Every museum has at least one redeeming quality. In this case it was a little temporary exhibit about the congregation's active history of arts instruction. One sister went on to receive a diploma from the Ecole des Beaux Arts in a time where women didn't typically do so. The diploma itself assumes that a man will be the recipient and the M for Monsieur is crossed out to accomodate the sister's name. That is a story that doesn't get told as often as the straightforward history of the congregation. The art that the sisters produced is largely comprised of copies or weird religious abstracts, but there is passion and dedication behind this exhibit. Unfortunately, passion and dedication aren't enough to make this museum as interesting and successful as it could be.

25 down. 7 to go.

The Fur Trade at Lachine National Historic Site of Canada

The Fur Trade museum is an important school trip destination. Whether or not it will have anything to offer me and my mum, who continues to let me drag her to random museums, is another question. Walking up to the entrance we stop to read the didactics along the canal. There are a few dedicated to Frances Anne Hopkins, a 19th century artist who painted day to day life during her travels along the fur trade routes. Hopkins certainly isn't a household name and my mum had never heard of her. Hopkins' paintings aren't the standard macho images of conquest, or gentle natives about to lose their traditional way of life to the power of European industry, which are usually associated with that time period. We seem to be off to a good start.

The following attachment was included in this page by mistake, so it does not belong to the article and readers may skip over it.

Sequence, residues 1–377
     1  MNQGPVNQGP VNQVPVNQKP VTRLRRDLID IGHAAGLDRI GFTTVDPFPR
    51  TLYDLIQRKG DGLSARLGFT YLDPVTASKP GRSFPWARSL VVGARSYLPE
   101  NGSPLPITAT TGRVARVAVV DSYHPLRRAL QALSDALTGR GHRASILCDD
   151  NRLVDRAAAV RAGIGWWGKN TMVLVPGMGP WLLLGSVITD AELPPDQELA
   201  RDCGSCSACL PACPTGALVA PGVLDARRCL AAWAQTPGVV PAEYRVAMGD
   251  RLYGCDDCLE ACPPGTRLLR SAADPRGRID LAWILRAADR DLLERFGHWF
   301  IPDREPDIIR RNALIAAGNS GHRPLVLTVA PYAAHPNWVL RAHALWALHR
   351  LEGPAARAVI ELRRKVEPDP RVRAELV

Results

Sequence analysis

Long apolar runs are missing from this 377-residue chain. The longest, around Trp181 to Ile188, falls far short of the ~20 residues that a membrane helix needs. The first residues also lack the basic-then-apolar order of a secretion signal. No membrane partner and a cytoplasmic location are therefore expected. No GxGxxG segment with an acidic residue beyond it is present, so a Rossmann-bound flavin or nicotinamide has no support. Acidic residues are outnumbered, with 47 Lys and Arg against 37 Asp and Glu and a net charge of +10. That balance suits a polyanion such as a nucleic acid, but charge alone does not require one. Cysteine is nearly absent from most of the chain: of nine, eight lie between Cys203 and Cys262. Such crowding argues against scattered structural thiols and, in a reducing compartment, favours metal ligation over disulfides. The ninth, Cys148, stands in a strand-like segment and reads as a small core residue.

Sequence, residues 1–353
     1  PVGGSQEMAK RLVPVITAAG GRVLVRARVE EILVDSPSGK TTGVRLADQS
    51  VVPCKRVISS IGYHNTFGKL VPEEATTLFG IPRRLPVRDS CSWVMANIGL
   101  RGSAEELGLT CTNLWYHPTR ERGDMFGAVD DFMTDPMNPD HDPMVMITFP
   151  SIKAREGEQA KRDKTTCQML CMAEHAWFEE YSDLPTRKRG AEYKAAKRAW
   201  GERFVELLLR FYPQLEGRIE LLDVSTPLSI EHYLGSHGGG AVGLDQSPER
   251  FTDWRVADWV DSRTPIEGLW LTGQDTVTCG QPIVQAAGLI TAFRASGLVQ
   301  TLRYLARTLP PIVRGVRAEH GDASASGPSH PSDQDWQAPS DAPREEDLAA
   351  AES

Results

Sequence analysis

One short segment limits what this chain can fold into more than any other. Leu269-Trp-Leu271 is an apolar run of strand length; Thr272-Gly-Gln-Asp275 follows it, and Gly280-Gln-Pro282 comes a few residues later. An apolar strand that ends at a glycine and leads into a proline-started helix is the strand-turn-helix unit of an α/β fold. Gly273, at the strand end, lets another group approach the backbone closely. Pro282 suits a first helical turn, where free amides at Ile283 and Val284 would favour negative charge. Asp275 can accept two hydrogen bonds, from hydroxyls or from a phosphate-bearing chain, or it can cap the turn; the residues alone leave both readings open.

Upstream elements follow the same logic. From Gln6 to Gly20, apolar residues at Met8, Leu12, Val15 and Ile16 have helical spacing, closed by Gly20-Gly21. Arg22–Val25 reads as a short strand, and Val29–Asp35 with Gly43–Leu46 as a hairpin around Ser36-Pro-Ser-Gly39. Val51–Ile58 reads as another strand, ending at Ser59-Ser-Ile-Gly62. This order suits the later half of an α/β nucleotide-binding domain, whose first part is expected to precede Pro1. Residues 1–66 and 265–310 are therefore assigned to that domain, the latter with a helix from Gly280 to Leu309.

And then we get inside. Like the George Etienne Cartier house, the Fur Trade museum is a national historic site operated by Parks Canada. The weird muppet-like dolls and questionable didactics used at GEC are also in evidence at the Fur Trade museum. Stuffed animals wearing ceintures fléchées? Like sized Inuit man who looks like he was crafted from stuffed hosiery? Seriously? Museum fail. Maybe kids find it cute, maybe I shouldn't dislike it so much. Maybe I shouldn't have high expectations.

In fairness, the display do a good job of conveying the facts. Diagrams show trade equivalences (One beaver plus one baby beaver for one blanket. Wait, a baby beaver? or is it one large beaver plus one smaller beaver? Hmmm, maybe not so clear) and export values at various times. One smart inclusion was the breakdown of the requirements to be a voyageur. A scale and a height chart allow visitors to see whether they fit the bill. I imagine that seeing the 5'7" 140 pounds restrictions creates interesting conversations for students.